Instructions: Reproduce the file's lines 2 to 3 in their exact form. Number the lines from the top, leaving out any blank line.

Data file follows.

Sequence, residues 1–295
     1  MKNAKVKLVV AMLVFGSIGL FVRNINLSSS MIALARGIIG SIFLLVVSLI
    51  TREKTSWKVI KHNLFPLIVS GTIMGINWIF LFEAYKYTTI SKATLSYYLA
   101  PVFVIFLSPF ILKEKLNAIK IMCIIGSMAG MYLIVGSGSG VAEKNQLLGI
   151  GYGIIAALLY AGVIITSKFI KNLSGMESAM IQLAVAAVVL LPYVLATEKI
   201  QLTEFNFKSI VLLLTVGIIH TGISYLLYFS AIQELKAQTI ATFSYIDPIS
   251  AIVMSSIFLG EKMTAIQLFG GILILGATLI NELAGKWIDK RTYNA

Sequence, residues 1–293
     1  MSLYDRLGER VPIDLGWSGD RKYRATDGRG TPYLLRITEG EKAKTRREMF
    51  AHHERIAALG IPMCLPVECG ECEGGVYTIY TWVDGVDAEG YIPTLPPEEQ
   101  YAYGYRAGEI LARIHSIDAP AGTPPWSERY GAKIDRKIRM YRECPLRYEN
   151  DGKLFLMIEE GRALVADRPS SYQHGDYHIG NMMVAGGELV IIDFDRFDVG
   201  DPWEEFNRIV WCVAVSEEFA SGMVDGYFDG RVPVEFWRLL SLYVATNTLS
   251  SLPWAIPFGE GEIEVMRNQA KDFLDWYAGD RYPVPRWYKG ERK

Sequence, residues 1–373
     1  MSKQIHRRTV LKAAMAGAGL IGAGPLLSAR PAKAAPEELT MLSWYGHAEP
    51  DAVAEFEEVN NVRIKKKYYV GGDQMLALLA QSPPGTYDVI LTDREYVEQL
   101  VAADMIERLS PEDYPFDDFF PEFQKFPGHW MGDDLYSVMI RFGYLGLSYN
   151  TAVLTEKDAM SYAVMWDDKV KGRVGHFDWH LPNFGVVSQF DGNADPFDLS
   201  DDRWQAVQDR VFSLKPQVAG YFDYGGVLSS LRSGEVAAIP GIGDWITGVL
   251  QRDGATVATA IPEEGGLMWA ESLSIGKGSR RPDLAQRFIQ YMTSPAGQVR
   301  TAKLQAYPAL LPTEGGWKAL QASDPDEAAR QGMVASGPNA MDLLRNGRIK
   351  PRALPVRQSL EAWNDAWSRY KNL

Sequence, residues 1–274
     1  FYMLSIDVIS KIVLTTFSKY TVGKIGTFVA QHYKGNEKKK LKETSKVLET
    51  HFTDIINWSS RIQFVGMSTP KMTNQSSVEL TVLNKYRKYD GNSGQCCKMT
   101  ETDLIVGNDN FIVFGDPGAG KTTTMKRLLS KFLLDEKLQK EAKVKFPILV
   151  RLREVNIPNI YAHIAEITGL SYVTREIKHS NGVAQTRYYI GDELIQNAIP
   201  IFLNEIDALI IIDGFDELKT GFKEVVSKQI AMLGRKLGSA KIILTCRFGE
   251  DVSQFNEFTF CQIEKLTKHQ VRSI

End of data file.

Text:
     1  MKNAKVKLVV AMLVFGSIGL FVRNINLSSS MIALARGIIG SIFLLVVSLI
    51  TREKTSWKVI KHNLFPLIVS GTIMGINWIF LFEAYKYTTI SKATLSYYLA